Questions are a powerful and often under utilized resource for coaches.
Using questioning techniques with players can reveal what they have learned and facilitate an effective method by which they learn. However, asking questions as a learning technique requires a committment by coaches to prepare, observe and listen.
Questions to others about your team/program provides a coach with valuable insight into the effectiveness of their communication and their strategy. Asking other questions about your performance requires courage, humility and an intense desire to grow and improve.
The reality is that if you want to be in control, if you want to play it safe, and/or if you want to stay at your current level don’t ask questions. However, if you want to achieve new levels of success, help others maximize their potential and discover the true abilities you must ask questions.
Let’s look at some examples of questions coaches should ask to staff members and/or others close to the team to recieve valuable insight into the effectiveness of their communication and teaching. Some examples of great questions to ask others would be:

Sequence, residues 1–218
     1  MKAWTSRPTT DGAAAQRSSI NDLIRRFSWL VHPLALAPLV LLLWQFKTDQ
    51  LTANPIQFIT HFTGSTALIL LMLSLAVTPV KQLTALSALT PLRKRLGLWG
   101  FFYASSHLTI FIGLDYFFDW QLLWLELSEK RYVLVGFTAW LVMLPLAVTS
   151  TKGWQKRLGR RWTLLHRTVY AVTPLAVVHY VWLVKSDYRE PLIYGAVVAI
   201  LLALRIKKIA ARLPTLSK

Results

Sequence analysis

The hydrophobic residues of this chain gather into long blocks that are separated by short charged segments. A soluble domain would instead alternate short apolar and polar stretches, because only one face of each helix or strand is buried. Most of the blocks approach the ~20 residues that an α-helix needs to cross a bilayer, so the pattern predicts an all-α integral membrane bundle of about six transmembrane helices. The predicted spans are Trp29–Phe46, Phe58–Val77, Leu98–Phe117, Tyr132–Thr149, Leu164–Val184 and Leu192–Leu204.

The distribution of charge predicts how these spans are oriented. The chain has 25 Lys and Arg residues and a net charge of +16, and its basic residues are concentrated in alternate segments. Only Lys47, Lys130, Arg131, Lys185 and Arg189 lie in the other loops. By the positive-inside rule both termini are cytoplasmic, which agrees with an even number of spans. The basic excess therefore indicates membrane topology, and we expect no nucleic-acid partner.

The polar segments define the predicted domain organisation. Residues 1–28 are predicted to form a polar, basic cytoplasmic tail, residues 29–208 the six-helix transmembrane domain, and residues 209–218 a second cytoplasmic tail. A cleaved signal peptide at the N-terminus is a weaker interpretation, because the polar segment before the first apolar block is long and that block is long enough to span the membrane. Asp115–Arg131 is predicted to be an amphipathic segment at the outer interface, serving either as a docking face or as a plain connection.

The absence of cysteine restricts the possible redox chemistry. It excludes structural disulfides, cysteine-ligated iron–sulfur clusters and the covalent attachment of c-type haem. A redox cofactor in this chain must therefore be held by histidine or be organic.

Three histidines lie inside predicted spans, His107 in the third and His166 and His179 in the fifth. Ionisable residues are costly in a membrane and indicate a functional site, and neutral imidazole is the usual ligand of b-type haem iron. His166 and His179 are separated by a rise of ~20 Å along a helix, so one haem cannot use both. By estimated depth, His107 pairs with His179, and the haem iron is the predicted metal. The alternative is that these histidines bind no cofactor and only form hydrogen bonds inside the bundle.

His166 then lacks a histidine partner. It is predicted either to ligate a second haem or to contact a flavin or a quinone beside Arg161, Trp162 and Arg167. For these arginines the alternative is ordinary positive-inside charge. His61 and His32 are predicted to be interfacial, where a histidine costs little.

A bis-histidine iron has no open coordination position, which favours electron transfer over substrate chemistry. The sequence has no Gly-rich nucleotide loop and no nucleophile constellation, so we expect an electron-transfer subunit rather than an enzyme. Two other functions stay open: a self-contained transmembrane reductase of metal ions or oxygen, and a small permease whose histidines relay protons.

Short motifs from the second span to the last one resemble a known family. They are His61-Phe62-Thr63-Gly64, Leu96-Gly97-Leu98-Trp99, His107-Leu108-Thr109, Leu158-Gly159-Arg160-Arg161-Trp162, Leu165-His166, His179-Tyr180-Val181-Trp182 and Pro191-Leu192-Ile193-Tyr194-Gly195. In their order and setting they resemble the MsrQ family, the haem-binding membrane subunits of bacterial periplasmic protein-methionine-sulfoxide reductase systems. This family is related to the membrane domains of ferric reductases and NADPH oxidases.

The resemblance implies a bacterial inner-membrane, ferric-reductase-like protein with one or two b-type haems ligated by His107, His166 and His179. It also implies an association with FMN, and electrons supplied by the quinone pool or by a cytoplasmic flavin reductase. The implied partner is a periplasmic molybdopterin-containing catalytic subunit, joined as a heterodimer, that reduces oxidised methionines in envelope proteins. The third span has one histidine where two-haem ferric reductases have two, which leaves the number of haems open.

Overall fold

- What would you say this program and team is known for?
- What are non-negiotables in this program? In our offense? In our defense?
- What would you say is the biggest objective I have for the playes on this team?
- What are the common goals we have established for this team? How effective are we at having all activities we do build towards those goals?
- H0w would you define our style of play?
- Based on your observations what would you say are the three biggest principles/character traits emphasized to players?
The questions listed above may be hard for coaches to hear honest answers on, but without hearing the geniune feedback we are merely making assumptions on the effectiveness of our communication and if we are progressing toward the vision we have for the team.
In future posts I will look at utilizing questions to develop players.